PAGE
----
Today in Latin America
Top Story — Seven police officers in Mexico are under investigation for their alleged involvement in the killing of a police chief in a town in the northern state of Nuevo León. On Monday afternoon German Pérez, the police chief of the Monterrey suburb of Santa Catarina, was killed when gunmen opened fire inside the town’s police station. Nuevo León state spokesman Jorge Domene Zambrano said the officers under investigation did nothing to stop the attack. Santa Catarina’s public safety secretary is also being questioned about the shooting. Over the weekend several Santa Catarina police officers were fired and investigators are looking into the possibility of a revenge attack aimed at Pérez.
Just Published at the Latin America News Dispatch
- The Colombian city of Cartagena is famous for its well-preserved historical walled center and nearby fortress that were declared UNESCO World Heritage sites in 1984. However, beyond the wall is a city very much in contrast to the colonial charm of the historical center. Colombia-based photographer Trevor Bach ventured into Cartagena to capture these images.
- Former General Héctor López Fuentes made his first court appearance on June 20 on charges of orchestrating genocide against Guatemala’s Ixil Mayan people in 1982 and 1983. Photojournalist James Rodríguez attended the proceedings and shot these photos.
Headlines from the Western Hemisphere
- The Birmingham City Council unanimously approved a resolution that hopes to repeal the state’s new law targeting undocumented immigrants.
- An captured member of the Zetas drug cartel said that the group killed dozens of people on buses earlier this year because they suspected the travelers of working for the rival Gulf Cartel.
- Mexican President Felipe Calderón said he feels “misunderstood” is his effort to combat drug cartels, but added that his conscience is clear despite mounting violence.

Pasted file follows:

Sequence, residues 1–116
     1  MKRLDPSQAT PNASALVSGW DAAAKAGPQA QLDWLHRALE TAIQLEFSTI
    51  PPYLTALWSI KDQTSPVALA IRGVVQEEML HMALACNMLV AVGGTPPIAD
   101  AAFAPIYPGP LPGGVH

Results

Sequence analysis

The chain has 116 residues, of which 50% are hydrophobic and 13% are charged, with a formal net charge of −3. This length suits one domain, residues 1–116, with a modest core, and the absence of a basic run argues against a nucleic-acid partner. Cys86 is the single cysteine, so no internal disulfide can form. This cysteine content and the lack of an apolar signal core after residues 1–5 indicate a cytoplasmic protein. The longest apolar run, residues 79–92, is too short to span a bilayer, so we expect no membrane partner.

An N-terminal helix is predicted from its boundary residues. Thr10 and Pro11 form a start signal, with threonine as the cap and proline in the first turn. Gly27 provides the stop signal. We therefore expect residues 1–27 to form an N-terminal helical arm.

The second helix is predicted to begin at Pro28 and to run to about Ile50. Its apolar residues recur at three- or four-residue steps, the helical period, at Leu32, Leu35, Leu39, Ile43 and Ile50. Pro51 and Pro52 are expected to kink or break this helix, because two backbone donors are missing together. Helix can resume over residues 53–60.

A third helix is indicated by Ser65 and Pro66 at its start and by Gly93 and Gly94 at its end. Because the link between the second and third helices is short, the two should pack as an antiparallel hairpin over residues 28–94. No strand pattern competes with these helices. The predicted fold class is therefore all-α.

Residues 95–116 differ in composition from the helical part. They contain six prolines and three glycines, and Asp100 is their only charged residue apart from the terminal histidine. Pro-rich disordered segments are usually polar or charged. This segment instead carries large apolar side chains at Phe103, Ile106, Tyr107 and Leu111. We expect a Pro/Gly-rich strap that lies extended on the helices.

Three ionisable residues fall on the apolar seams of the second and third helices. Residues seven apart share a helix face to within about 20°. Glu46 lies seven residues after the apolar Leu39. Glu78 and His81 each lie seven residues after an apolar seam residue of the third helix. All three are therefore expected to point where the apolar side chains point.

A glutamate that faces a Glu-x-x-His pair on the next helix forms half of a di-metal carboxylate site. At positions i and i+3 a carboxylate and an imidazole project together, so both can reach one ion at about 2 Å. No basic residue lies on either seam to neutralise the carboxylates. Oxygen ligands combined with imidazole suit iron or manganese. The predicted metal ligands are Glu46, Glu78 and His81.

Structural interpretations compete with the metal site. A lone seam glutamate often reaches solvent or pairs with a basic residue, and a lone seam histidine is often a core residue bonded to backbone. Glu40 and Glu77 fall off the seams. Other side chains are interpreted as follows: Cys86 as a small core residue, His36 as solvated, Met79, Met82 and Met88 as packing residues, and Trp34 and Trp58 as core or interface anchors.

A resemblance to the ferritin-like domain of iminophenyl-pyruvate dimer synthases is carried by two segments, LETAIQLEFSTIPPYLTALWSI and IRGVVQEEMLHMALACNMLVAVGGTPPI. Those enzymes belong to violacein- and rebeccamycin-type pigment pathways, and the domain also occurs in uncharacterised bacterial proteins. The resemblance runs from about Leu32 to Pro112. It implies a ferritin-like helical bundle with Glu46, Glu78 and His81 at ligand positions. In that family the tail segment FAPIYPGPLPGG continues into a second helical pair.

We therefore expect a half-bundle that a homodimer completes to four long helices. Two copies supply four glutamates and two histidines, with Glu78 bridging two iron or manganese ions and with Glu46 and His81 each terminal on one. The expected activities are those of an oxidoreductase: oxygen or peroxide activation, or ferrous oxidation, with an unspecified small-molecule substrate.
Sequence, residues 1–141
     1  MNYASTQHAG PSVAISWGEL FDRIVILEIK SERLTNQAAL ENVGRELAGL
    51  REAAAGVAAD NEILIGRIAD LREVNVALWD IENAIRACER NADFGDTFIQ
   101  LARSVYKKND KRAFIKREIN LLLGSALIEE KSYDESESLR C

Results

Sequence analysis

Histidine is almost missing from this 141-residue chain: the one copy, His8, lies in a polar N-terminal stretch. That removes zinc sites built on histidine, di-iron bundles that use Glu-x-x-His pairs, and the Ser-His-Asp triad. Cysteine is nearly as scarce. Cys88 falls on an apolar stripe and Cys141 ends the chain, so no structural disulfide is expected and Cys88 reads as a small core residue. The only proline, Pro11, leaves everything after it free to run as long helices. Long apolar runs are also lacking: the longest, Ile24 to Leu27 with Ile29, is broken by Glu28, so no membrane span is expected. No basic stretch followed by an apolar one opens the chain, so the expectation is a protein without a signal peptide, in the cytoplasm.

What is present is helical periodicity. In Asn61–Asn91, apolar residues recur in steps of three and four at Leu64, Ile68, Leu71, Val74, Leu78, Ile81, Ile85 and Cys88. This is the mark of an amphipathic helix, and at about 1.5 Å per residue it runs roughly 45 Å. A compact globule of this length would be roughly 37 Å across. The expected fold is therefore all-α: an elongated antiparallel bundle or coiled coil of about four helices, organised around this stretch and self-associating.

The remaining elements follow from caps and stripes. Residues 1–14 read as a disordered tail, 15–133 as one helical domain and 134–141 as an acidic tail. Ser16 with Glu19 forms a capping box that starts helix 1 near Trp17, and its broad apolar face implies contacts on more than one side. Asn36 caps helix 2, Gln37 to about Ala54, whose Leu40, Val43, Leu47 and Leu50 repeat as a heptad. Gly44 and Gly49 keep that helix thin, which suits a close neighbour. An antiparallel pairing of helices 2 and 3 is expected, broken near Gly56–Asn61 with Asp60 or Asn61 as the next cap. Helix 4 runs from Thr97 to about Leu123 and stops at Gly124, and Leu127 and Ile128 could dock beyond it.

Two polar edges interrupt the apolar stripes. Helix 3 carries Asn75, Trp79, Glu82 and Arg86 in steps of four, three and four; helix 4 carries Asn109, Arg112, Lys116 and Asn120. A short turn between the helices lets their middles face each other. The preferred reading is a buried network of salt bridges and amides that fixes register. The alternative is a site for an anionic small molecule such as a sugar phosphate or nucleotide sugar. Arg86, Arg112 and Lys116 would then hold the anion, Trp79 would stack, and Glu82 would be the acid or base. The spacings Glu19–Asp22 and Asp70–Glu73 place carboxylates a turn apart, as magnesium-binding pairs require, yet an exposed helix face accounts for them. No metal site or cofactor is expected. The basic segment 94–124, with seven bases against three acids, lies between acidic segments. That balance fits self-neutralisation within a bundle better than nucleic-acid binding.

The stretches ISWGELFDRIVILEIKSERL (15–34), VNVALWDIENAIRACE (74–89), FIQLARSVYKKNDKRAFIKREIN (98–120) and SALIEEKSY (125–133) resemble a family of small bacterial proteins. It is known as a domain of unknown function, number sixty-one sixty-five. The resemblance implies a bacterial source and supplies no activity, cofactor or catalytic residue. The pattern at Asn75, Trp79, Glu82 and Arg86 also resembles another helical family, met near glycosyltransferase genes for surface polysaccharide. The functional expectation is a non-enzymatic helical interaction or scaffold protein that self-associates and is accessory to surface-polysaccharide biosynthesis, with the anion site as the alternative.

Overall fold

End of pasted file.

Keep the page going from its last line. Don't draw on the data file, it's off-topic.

- Gunmen killed the police chief of the northern Mexican city of Santa Catarina inside his office late on Monday afternoon.
- There were just a handful, but the dozen Cubans who took part in the country’s first Gay Pride rally Tuesday celebrated one more step on the country’s road to gay rights recognition.
- Jailed Cuban dissident Jorge Cervantes ended his nearly month-long hunger strike after authorities told him that he will be freed as soon as he recovers from the effects of his fast.
- An 11-year-old boy died of bullet wounds from a shooting in the northern coastal city of Canovanas, Puerto Rican authorities said.
- The White House announced Tuesday a preliminary deal that may put the passage of free trade agreements with Panama, Colombia and South Korea on the fast track.
- The U.S. Department of State’s 2011 Trafficking in Persons (TIP) report listed Costa Rica as a source and destination for human sex trafficking and forced labor.
- UNESCO has once again added the Rio Platano Biosphere Reserve on Honduras’ Caribbean coast to its list of endangered world heritage sites.
- El Salvador remain on alert due to the rains that have hit the nation over the past five days.
- Venezuelan Oil Minister Rafael Ramírez said Tuesday that it is still to early to say when President Hugo Chávez will return from Cuba, where the leader has been recovering from surgery for more than two weeks.
- Swirling rumors and wild speculations about Venezuelan President Hugo Chávez’s health are upsetting alarmist pundits and forcing leftist politicians even further into hermetic silence.
- Colombia’s government extradited a convicted drug trafficker Tuesday to face trial in the United States, and the country’s highest court ruled a second alleged dealer could be sent to the U.S.
- A court in Ecuador has found six police officers guilty of crimes against the security of the state, during a protest last September in which the president was forcibly detained.
- Spain’s largest oil driller, Repsol, claims to have discovered two levels of “good quality” oil in the Gavea exploration well off the coast of Brazil.
- Argentine President Cristina Fernández de Kirchner canceled a trip to Paraguay after doctor’s advised her to stay home and take it easy.
- A coalition of leftist political parties and groups in Paraguay presented a petition to Congress, hoping to amend the constitution so President Fernando Lugo can seek re-election.
- The chairman of Antofagasta PLC said that Chile will not change minerals laws to be like those being proposed in Australia.
Image: aaronernestoortizlopez @ Flickr.